She remained impervious and looked coldly and unsmilingly back at me. ‘The King had the room refurbished before your arrival in the hopes that it would be to your taste.’
‘How kind of him,’ I replied, sitting on the bed and bouncing on it a little to see how comfortable it is.

‘He wanted to make sure that you were shown all proper attention,’ Madame de Noailles replied stiffly. My goodness, I do wish that she would unbend a little. I wonder if she ever smiles at anyone or is it just me that she holds in dislike? Madame de Mailly told me that apparently Madame de Noailles absolutely adored the old Queen and resents the fact that I, a mere girl have taken her place. That is hardly my fault though is it?

It was a delightful day so we went for a walk in the gardens and for the first time since coming to France I felt entirely and wholeheartedly happy and comfortable as I strolled between the Duchesse de Chaulnes and Abbé Vermond, half listening as they talked at length about gardening and invited each other to sniff particularly lovely flowers. I can tell that the Abbé very much admires Madame de Chaulnes’ soulful good looks and she in her turn simpers more than usual when she talks to him, which is a frankly nauseating amount of simpering.

After a while I fell back, hoping that the Dauphin would see me walking alone and come and join me but he remained steadfastly at his grandfather’s side and so after a while I was forced to give up and instead link arms with the Princesse de Lamballe, who is thoroughly delightful, smells like lilacs and roses and had swapped last night’s gown of mauve gauze for an exquisite ensemble in flounced pale blue silk trimmed with blue and white striped ribbons and lace. ‘You seem so much happier today,’ she remarked with a friendly squeeze of my hand. ‘I felt very sorry indeed for you yesterday.’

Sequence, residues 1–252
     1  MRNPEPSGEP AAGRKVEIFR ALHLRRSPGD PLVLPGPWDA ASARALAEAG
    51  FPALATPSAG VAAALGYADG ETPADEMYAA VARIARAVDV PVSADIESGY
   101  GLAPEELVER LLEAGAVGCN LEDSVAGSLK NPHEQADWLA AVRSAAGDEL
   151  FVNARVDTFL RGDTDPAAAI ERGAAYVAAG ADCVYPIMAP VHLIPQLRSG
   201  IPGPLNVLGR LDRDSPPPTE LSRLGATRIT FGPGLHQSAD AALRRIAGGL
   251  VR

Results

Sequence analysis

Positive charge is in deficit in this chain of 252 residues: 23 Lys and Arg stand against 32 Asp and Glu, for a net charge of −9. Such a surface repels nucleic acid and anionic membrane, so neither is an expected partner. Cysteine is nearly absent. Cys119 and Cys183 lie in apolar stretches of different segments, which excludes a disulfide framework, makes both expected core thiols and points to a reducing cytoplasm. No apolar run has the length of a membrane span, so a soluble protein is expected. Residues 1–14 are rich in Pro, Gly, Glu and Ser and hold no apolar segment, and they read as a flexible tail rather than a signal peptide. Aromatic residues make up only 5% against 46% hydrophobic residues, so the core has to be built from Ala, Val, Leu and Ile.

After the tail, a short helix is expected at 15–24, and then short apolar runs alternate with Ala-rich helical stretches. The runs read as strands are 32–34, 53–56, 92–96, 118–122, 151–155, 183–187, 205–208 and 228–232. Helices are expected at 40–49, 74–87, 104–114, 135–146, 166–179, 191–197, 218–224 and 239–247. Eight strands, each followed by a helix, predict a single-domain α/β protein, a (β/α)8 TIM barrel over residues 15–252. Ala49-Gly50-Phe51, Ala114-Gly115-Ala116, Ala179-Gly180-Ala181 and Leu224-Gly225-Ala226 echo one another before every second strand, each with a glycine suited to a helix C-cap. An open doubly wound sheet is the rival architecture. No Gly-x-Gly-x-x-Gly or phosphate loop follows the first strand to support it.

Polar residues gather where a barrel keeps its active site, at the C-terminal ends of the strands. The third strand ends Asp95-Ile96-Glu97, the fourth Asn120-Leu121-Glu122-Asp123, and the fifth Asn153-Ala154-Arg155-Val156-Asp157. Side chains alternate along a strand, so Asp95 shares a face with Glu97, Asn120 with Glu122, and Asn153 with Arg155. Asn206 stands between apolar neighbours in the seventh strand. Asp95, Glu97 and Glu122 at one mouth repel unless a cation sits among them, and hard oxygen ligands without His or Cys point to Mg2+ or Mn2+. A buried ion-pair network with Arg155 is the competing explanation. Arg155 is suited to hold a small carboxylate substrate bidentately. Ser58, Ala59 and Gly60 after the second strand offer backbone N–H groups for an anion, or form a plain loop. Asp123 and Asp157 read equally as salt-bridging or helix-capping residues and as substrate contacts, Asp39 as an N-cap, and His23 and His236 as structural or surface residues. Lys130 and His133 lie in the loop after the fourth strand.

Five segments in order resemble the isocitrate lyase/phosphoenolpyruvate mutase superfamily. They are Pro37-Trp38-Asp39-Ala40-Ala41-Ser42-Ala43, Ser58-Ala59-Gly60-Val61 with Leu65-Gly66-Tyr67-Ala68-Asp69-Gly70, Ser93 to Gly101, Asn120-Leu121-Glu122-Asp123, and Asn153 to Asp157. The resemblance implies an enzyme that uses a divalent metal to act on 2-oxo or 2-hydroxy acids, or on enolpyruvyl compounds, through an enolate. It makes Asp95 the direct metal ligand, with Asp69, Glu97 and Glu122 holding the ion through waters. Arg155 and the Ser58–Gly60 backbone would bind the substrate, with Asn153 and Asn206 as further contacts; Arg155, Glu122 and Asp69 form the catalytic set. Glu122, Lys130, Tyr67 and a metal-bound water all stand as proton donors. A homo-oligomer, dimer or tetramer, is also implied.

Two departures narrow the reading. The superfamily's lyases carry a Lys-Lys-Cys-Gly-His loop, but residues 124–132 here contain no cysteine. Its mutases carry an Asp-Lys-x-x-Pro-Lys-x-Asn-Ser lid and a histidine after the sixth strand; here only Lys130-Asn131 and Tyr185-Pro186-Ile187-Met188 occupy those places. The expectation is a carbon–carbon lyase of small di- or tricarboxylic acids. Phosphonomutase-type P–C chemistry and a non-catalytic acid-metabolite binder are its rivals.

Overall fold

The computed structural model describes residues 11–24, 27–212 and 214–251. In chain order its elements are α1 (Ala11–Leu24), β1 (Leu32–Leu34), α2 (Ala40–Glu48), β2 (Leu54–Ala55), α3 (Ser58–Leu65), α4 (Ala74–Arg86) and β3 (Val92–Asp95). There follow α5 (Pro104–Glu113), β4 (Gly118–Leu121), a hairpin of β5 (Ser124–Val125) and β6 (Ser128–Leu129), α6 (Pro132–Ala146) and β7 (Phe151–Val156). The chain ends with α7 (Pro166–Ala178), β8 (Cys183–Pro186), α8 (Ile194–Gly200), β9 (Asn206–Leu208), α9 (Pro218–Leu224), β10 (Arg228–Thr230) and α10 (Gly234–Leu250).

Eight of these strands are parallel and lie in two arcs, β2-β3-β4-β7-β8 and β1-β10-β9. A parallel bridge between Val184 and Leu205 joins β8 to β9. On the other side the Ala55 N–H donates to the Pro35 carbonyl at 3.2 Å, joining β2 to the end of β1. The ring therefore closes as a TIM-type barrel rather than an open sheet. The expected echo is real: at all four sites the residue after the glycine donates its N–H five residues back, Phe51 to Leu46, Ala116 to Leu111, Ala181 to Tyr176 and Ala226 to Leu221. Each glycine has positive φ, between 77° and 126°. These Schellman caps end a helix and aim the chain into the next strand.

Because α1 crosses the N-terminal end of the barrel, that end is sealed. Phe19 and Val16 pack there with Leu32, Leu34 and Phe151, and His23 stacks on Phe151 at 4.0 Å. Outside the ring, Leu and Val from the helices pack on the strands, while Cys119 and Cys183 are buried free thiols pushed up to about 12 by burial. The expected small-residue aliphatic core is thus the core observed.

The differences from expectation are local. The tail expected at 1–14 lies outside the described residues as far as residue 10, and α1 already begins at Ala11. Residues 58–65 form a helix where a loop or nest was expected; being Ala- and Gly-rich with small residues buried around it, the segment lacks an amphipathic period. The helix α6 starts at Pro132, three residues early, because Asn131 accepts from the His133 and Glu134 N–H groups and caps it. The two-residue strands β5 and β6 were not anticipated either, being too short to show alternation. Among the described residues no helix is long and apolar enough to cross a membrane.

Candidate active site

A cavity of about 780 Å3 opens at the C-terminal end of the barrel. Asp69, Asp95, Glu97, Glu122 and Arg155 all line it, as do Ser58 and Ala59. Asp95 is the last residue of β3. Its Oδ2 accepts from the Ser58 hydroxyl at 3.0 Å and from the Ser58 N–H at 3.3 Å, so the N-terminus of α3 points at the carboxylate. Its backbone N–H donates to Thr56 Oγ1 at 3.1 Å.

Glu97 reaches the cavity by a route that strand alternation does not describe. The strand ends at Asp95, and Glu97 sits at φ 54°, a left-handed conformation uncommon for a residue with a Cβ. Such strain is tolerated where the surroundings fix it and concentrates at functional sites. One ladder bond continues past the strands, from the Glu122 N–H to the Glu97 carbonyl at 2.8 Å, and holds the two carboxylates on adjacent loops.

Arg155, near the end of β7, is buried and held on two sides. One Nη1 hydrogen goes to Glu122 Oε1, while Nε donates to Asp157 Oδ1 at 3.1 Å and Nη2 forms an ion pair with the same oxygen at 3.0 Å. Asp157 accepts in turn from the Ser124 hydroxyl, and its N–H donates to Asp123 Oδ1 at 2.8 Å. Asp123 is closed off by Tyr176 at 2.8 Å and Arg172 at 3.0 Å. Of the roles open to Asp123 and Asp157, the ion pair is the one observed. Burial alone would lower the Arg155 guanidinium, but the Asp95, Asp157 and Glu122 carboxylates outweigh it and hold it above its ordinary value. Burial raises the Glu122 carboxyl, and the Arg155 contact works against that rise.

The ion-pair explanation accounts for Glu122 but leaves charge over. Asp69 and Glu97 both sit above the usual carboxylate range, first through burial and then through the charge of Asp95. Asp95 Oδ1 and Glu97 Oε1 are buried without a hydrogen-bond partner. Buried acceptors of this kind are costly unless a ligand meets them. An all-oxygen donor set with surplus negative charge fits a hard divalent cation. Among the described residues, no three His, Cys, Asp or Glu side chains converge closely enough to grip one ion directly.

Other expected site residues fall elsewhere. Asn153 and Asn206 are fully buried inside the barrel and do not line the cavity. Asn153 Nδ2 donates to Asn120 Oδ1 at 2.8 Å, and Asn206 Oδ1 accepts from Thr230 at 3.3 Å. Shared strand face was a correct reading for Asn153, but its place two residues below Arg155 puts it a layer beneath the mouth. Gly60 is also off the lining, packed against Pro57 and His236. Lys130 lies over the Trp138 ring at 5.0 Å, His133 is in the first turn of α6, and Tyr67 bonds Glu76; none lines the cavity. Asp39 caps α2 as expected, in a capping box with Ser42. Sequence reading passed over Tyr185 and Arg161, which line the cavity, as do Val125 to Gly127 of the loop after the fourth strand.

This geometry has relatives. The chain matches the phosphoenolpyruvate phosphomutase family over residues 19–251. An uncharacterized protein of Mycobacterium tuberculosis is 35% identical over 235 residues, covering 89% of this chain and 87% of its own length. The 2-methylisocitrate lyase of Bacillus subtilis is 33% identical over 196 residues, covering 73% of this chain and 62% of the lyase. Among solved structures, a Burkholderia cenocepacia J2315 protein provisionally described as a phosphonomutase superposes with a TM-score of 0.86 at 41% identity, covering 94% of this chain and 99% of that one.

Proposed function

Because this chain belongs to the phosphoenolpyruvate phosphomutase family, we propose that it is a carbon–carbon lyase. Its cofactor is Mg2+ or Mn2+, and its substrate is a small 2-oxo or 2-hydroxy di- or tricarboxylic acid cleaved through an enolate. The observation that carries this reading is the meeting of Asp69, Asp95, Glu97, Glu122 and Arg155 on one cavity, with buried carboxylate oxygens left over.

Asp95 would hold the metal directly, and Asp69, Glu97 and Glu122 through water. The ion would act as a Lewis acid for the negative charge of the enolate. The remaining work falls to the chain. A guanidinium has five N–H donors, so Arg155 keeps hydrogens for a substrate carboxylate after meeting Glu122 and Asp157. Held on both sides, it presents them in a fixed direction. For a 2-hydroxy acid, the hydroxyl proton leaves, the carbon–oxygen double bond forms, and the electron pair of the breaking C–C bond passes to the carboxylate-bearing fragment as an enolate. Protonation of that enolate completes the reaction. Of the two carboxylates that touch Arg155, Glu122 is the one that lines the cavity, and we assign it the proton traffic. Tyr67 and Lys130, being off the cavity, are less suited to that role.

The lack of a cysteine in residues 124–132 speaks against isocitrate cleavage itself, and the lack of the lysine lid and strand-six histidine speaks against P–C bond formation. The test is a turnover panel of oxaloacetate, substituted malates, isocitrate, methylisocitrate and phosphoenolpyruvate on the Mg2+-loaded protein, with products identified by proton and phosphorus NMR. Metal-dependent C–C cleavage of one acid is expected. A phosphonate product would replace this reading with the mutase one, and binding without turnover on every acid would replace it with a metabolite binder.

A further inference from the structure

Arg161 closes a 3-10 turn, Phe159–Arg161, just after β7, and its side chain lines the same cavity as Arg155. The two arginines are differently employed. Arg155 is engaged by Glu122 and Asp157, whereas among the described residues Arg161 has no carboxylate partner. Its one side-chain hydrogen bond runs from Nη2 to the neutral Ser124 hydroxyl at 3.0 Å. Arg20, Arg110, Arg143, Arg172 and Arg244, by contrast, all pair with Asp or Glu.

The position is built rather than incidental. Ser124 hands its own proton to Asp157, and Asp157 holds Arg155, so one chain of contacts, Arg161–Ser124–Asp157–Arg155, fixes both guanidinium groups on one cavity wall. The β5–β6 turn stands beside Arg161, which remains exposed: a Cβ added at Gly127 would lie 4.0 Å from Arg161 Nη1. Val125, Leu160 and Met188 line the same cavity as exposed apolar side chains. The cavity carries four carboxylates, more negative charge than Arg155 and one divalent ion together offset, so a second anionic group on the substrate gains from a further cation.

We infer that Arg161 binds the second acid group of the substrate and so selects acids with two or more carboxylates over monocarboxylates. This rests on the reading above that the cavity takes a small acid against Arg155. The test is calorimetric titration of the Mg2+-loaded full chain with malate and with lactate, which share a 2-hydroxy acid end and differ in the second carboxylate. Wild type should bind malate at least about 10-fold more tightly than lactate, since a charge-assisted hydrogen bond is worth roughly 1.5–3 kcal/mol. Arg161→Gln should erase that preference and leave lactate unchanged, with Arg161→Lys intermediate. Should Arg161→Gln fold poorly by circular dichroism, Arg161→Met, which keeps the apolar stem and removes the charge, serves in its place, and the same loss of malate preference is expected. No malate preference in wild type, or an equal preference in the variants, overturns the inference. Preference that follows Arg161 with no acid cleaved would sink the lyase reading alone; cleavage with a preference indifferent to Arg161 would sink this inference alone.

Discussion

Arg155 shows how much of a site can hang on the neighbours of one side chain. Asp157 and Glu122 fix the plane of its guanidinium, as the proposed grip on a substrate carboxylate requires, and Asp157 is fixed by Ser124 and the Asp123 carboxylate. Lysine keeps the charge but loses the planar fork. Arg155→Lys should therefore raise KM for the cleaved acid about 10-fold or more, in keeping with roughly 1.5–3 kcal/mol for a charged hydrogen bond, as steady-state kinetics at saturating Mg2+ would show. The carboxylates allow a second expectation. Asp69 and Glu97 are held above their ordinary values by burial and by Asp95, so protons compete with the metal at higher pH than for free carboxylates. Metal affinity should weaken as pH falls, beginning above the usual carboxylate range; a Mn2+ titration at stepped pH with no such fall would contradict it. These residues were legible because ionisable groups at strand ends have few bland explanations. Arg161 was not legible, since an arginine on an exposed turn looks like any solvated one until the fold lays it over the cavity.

I looked at her in some surprise. ‘Did you? Why?’ I am so used now to thinking myself the luckiest girl in the world that it was a shock to hear someone say that they pitied me.

The Princesse hesitated. ‘The Bourbons are not an easy family to enter and you looked so very young and lost and exhausted when you walked into the salon at Compiègne.’ She gave me a sidelong smile. ‘I confess that I was longing to run up to you and give you an enormous hug. It must be quite intolerable for you at times.’

I sighed. ‘Yes. Yes, it is.’ I thought of Vienna, Joseph and Mama, now all so very far away and then I remembered all the hundreds of miles and the long tedious hours sitting bored out of my mind in a carriage which had brought me here to this moment, to this garden in Paris. ‘I can hardly believe that I am here. I still sometimes feel shocked when I wake up in the morning and realize that I am no longer at home in Vienna.’